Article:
Package requirements come from files (a package is depending on another package), or from an "eggs" line in buildout.cfg. They come in two flavours: those that depend on a package only ("I require zope.component") and those that require a specific version or range of versions ("I require zope.component >= 3.4"). The worst kind are those that require exact versions (zope.component == 3.4.1) in Requiring a maximum version in is pretty bad too (zope.component >=3.4,<=3.4.999). You should never do an exact version pin in and rarely, if ever, do a max version specifier.

Sometimes, a minimum version requirement is necessary in, because you know that a package positively depends on a bug fix or feature that comes from a given minimum. Specifying exact versions and maxima, however, is pretty nasty, because you can't ever override those requirements without hacking the file or forking the package.

However, setuptools will always merrily download the latest version it can finds. And it's not always particluarly clever, either. If it stumbles upon a particular version early in the build, it'll stick with that, even if an old version would've been better in order to resolve other dependency constraints. This leads to two types of problems:

  • Setuptools makes a bad call and downloads a package that's too new, conflicting with a "maximum" requirement in a package that's processed later on. These types of problems are not too hard to fix.
  • Your buildout works fine, until one day someone uploads a newer version of a dependency to PyPI. Some time afterwards, you run a fresh buildout (or use the -n switch), only this time you get the newer package. This depends on other new packages, and suddenly you have a lot of new software in your build. If you're lucky, you get a version conflict somewhere. If you're unlucky, the build succeeds, but sometimes goes wrong at runtime.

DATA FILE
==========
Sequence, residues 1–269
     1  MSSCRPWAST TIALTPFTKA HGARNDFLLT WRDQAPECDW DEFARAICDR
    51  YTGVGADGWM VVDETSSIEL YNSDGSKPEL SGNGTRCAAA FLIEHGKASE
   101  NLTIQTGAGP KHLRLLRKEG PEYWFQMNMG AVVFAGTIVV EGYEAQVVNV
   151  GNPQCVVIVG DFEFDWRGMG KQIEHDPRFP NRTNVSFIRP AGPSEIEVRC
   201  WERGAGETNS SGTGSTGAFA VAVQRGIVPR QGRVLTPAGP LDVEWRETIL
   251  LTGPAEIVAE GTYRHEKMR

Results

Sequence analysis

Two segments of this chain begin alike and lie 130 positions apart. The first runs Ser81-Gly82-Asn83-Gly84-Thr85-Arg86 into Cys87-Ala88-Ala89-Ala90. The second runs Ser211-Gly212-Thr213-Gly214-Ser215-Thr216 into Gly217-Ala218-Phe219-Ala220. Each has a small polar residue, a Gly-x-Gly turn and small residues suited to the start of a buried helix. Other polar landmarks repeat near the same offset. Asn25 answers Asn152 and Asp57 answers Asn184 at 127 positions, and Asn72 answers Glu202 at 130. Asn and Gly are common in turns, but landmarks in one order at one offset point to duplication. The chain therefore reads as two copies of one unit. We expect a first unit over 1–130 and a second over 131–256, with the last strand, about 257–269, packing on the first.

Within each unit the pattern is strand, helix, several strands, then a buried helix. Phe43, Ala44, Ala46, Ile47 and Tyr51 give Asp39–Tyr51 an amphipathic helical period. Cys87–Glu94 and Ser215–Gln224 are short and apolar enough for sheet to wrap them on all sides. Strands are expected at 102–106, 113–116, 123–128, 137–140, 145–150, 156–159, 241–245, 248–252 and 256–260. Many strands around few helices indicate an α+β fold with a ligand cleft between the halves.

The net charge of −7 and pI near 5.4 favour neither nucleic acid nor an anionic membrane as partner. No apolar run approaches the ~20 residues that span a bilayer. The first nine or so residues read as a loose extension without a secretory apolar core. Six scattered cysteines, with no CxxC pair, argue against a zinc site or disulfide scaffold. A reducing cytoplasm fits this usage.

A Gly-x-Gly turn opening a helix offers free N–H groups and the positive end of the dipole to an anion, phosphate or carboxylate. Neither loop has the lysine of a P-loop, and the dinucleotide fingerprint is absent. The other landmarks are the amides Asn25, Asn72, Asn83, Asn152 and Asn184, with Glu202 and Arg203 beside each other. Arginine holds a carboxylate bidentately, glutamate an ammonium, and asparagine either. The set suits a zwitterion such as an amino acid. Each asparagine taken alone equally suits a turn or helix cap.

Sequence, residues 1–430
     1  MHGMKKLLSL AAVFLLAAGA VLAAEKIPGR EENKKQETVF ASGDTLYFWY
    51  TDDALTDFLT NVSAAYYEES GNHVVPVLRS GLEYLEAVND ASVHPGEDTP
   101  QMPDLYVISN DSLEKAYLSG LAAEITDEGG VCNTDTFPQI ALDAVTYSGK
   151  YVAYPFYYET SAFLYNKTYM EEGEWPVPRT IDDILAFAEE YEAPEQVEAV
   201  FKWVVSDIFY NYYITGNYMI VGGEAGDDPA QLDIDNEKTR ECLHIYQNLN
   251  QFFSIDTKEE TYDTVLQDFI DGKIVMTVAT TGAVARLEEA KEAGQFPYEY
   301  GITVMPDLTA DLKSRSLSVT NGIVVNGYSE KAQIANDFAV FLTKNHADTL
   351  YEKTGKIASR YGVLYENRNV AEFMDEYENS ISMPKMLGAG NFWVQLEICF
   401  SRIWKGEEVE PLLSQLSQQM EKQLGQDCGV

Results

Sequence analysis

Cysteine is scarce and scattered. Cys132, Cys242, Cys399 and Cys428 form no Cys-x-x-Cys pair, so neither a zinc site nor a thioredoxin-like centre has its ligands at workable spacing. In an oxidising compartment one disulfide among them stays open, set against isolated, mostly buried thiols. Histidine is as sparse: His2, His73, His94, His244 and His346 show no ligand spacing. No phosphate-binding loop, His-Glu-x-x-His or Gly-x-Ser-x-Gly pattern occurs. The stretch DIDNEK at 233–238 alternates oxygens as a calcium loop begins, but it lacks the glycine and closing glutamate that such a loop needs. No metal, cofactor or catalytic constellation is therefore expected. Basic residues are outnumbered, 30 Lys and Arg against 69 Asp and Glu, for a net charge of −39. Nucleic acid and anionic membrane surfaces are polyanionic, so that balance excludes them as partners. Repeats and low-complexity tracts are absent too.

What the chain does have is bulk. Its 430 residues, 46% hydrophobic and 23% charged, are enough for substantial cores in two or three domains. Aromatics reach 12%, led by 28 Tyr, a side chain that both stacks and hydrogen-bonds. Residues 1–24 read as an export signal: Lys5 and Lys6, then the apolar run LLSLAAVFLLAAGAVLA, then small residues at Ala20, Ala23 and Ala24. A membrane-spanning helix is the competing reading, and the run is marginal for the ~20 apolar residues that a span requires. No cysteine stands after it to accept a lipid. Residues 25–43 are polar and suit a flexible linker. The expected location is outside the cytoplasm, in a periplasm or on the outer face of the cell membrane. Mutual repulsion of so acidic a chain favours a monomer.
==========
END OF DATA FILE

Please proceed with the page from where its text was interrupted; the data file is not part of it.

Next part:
Why is this a problem now?

This problem has started hitting some people recently.

Some packages (like Singing & Dancing, Dexterity and other things that depend on z3c.form) require you to upgrade core Zope packages to work around bugs or missing features in Zope 3.3 (which is pretty old by now). These often have a dependency on e.g. zope.compnent >= 3.4.0. They also typically come with installation instructions that require you to make sure you have the appropriate fake eggs and possibly pin a few packages in your [versions] block. More on that later.

This problem has recently gotten much worse, because the nice Zope 3 folks are trying to refactor Zope to have radically fewer dependencies, and are releasing lots of new packages.